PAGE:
The Importance of Character for College Success

By René Díaz-Lefebvre

Community colleges can help students develop grit so they can go further in education — and in life.

Having worked with many students who have successfully maneuvered and completed college, I am often asked by parents and students for advice in preparing for this life-changing opportunity. My answer is this: character.

By character I mean skills like conscientiousness, responsibility, determination and perseverance. University of Chicago Professor Melissa Roderick identifies these critical components of college readiness as noncognitive academic skills. They include anything from study skills, work habits and time management to help-seeking behavior and problem-solving skills. These are the skills that will help students learn how to think deeply, develop internal motivation and persevere when faced with difficulty — skills needed to complete a college degree.

Beyond the grades a student receives in high school or the scores he or she receives on standardized tests, research has shown that traits like resiliency, resourcefulness and grit are some of the most highly predictive factors for postsecondary success. “Grit” is a term I am particularly fond of: It simply means having the courage, tenacity (or ganas, as we say in Spanish) to continue on with something no matter how overwhelming or exhausting it is. It is a belief in one’s ability to overcome any obstacle that may get in the way of achieving a goal or a dream. This vehement determination, above all, is what I believe best prepares our young men and women for success in college — and in life.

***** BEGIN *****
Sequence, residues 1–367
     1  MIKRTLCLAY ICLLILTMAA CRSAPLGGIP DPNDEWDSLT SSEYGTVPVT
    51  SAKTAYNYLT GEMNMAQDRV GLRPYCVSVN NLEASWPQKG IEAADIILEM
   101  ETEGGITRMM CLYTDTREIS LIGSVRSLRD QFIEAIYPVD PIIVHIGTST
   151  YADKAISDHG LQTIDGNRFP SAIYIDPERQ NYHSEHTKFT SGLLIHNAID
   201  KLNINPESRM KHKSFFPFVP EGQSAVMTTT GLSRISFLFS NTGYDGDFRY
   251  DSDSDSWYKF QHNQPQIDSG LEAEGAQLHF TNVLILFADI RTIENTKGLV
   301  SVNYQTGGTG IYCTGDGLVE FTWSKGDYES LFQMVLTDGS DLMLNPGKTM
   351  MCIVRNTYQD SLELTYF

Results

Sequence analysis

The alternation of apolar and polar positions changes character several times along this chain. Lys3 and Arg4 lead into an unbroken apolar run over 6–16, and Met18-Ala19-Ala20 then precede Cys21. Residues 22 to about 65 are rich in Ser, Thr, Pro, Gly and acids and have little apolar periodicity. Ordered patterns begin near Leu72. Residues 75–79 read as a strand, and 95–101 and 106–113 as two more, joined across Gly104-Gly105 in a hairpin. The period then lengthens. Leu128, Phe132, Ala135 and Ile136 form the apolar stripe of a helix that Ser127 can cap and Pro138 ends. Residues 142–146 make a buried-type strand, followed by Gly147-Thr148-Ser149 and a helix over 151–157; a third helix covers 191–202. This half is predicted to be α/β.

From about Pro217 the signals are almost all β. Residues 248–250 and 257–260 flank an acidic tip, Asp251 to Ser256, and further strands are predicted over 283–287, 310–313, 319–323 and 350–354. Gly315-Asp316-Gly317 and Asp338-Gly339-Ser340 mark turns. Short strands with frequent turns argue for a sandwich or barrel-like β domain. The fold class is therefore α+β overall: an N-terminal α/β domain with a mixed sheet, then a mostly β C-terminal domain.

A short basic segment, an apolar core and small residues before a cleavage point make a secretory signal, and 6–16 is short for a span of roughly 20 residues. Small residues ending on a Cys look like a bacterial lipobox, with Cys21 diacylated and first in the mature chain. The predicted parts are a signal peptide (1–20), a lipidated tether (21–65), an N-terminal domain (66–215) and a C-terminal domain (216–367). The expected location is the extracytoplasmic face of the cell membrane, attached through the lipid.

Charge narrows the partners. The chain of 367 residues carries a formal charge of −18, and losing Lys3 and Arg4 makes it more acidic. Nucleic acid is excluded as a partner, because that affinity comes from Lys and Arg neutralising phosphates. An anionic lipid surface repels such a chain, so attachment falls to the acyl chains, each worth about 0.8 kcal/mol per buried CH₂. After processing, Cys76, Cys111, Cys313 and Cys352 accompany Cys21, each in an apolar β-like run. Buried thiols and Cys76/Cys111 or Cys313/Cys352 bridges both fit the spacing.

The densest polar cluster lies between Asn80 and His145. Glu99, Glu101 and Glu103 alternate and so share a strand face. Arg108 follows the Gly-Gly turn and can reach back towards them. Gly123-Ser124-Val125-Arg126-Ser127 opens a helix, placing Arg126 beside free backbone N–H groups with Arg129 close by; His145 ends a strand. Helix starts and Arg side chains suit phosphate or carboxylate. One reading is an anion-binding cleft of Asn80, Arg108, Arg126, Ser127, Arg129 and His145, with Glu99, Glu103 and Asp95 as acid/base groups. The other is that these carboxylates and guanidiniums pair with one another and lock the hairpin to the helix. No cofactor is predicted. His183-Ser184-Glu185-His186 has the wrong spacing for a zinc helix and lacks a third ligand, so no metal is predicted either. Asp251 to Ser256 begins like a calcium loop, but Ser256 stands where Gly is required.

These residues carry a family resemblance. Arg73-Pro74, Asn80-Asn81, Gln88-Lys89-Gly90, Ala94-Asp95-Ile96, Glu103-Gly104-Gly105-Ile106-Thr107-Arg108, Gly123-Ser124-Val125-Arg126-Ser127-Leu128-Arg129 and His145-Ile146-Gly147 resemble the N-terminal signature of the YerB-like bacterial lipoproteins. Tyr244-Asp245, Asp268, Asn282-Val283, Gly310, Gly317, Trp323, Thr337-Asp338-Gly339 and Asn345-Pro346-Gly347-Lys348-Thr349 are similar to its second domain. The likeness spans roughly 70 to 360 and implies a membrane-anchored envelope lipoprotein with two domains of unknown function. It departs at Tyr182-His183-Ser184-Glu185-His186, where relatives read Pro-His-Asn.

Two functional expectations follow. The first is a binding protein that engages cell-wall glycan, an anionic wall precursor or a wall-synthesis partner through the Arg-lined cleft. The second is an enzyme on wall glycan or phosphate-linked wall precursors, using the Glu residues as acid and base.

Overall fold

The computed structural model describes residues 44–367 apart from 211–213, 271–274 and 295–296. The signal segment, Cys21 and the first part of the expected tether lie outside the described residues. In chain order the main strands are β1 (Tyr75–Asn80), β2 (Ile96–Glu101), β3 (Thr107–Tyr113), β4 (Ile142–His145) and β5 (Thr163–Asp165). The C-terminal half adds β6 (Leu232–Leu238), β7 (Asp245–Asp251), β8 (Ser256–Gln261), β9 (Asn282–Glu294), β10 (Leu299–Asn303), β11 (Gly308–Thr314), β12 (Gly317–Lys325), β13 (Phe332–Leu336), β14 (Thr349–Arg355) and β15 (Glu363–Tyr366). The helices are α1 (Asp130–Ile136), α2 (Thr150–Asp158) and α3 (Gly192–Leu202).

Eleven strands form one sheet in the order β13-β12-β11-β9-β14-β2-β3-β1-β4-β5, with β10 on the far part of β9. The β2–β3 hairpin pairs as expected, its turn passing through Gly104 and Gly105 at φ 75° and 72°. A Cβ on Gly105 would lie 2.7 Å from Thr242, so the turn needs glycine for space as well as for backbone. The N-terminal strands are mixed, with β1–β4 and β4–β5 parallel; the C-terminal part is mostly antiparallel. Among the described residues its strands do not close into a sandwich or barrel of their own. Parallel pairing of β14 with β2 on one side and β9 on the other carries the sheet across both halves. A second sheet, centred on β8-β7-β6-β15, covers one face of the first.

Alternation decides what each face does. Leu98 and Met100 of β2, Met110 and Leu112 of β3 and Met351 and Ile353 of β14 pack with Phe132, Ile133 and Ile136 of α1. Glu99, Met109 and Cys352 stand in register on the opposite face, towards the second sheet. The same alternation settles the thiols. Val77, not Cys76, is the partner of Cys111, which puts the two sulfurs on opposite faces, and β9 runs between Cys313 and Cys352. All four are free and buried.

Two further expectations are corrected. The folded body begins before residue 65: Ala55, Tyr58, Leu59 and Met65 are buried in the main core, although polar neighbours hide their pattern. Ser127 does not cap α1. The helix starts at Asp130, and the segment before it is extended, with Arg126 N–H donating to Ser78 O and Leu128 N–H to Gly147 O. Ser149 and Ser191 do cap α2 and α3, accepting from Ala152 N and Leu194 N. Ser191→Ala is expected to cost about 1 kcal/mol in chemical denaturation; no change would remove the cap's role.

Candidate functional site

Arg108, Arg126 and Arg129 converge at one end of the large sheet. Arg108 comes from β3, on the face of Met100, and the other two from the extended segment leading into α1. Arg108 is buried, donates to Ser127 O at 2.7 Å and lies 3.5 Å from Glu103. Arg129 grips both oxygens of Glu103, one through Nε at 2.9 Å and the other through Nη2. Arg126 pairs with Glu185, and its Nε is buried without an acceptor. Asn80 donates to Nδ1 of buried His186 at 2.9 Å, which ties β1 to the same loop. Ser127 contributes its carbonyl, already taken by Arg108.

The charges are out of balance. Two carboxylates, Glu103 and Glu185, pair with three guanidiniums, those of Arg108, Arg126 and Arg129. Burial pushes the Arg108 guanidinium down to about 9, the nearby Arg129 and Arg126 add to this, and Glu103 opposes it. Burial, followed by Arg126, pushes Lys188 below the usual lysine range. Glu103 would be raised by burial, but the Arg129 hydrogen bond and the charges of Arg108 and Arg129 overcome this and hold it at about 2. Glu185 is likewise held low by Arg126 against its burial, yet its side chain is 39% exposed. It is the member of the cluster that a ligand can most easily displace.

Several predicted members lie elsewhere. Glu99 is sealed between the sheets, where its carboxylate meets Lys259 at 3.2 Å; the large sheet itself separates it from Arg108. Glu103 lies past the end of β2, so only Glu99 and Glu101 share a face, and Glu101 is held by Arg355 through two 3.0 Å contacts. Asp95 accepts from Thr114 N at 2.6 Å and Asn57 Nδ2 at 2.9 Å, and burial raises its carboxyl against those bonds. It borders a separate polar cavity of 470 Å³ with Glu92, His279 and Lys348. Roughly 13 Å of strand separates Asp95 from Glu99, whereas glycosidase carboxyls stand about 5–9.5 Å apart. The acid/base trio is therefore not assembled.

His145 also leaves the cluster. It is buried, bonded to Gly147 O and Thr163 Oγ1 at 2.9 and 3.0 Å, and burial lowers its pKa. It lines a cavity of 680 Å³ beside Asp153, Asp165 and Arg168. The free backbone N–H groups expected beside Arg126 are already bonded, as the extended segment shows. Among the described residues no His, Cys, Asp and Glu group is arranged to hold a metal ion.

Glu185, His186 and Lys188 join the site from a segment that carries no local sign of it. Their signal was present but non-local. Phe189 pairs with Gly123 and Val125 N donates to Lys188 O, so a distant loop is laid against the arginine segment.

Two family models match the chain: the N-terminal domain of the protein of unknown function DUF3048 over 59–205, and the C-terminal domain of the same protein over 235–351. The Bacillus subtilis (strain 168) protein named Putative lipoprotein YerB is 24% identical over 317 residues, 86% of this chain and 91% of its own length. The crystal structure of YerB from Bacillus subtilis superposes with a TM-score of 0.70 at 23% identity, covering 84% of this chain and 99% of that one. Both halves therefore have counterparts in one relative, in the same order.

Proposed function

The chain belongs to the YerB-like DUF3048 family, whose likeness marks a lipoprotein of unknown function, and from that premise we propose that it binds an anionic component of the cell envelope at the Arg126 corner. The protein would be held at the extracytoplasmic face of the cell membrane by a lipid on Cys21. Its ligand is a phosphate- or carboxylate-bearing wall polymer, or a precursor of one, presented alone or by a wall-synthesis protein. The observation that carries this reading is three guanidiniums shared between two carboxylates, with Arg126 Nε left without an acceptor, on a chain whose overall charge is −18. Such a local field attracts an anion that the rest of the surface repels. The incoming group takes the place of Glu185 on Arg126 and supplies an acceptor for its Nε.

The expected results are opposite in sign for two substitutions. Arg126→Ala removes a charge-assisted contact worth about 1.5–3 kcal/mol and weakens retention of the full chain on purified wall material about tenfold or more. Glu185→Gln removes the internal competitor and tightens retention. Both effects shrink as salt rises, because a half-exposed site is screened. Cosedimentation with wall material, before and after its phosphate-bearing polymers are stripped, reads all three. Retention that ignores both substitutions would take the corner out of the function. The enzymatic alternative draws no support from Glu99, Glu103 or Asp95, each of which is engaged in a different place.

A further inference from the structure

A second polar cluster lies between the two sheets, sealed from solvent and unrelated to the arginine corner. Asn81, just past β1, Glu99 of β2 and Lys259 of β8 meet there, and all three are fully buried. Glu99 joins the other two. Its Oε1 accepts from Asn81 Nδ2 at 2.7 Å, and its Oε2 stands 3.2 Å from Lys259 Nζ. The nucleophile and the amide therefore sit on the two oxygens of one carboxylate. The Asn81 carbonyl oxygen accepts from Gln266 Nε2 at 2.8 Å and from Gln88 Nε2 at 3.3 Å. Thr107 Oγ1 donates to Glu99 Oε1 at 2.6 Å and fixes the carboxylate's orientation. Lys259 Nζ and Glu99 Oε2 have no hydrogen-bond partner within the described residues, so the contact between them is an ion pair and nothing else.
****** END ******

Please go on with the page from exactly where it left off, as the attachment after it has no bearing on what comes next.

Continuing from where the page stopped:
“Research has shown that traits like resiliency, resourcefulness and grit are some of the most highly predictive factors for postsecondary success.”

I have seen it play out among my students time and again. Grit often marks the difference between one student who fails a first exam and immediately loses courage and confidence and proceeds to fail the entire course, versus another student who fails a first exam and, instead of being discouraged, perceives this as an opportunity to overcome, to dig in his heels and challenge himself to learn more and try again, until he does succeed. These are the ingredients not only for a successful college learner but also for a dedicated careerist and a thriving adult.

Furthermore, in today’s environment of rapid-fire technology, one of the most challenging noncognitive skills to master is to delay gratification for the distant prize of a college degree. Nothing can be a substitute or “quick fix” in acquiring something like a college degree, which can only be earned through hard work, perseverance and determination toward completion.

Navigating the world of higher education can be one of the most enjoyable, rewarding and profitable endeavors — and we should cultivate the character traits our young people need to see it through.

René Díaz-Lefebvre

is a professor of psychology at Glendale Community College, North Campus, Maricopa Community Colleges, in Arizona.

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